Changing how a billion people eat, through games

Educating young children on diet can preserve both their health and the planet

Food Heroes is one of the first food education programs in China. Children learn to “eat a rainbow everyday”. Photograph: merc67/Getty Images/iStockphoto

Before every meal, the Maori people of New Zealand say a simple thanks for their food. A child might recite:

"Welcome the gifts of food from the guardian of the forest, the God of peace and agriculture, the guardian of wild and uncultivated food, the guardian of the sea, the God of rivers and streams. Ranginui Sky Father and Papatūānuku Earth Mother, bless our food as wellbeing for our body. Feed our spirit with the food of wellness. Share food for me, food for you, food for us all. The breath of life.”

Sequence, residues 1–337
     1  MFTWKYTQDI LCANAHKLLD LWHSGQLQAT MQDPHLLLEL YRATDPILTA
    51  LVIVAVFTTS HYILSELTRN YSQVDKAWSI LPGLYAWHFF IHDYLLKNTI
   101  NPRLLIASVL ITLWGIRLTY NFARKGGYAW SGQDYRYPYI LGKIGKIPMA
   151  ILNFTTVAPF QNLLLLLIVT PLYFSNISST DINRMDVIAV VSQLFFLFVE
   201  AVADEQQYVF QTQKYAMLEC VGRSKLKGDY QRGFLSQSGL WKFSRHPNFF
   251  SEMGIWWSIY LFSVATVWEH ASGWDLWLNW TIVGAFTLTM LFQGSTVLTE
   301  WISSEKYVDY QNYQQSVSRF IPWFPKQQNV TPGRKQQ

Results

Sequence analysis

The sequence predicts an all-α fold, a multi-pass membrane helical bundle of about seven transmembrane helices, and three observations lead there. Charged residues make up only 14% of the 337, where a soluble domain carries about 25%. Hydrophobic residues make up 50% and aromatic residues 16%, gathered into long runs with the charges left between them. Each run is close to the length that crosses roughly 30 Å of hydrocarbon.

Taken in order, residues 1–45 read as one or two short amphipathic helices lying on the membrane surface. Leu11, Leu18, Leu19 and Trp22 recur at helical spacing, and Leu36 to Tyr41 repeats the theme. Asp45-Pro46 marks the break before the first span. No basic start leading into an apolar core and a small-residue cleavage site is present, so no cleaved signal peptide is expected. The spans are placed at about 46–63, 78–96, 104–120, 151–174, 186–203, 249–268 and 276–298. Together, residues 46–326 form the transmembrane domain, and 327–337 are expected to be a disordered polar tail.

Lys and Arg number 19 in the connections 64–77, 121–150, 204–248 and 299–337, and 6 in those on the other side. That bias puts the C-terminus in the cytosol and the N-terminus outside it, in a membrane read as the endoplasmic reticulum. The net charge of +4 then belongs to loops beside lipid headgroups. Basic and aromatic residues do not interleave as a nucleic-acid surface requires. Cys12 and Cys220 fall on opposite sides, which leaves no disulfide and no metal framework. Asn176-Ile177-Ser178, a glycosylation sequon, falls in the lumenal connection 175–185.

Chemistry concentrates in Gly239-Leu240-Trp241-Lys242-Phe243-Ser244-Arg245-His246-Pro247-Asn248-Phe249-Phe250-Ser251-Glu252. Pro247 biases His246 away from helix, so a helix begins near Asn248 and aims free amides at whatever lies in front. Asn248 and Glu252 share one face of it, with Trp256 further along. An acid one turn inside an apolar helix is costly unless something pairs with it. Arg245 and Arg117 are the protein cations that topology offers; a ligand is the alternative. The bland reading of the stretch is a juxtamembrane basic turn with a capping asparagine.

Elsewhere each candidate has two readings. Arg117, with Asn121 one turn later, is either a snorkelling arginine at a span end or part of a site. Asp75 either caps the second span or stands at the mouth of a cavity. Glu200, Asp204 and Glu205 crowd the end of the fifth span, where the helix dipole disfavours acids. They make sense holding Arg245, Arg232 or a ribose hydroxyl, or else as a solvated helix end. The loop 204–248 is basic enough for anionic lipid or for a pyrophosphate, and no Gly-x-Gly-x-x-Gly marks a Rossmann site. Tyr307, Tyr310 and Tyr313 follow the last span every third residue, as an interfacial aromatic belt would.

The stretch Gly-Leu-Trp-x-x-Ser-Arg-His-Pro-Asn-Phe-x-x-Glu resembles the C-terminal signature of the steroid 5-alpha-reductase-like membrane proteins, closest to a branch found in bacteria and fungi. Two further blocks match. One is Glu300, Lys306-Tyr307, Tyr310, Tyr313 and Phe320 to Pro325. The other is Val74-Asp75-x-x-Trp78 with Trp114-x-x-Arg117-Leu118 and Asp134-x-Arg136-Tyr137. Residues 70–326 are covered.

In most of the industrialised world, the knowledge embedded in this blessing of how food is integral to everything – and gratitude for the community that brought it to our plates – has been lost. Our bodily wellbeing, our Earth, our economies, our society, our spirit have all wasted away with it. We ignore the disastrous consequences of our choices; of the sugary garbage we have become addicted to and the toxins we feed our food and soils.

Some 3 billion people, around 40% of the world’s population, face some form of malnutrition. Stunting from hunger is decreasing, but obesity has nearly tripledworldwide in four decades since 1975: by 2015, about 12% of all adults and 5% of all children were obese. In most places, more people die from being overweight than underweight. Diabetes will be the world’s seventh largest killer by 2030.

Read the full article in the Guardian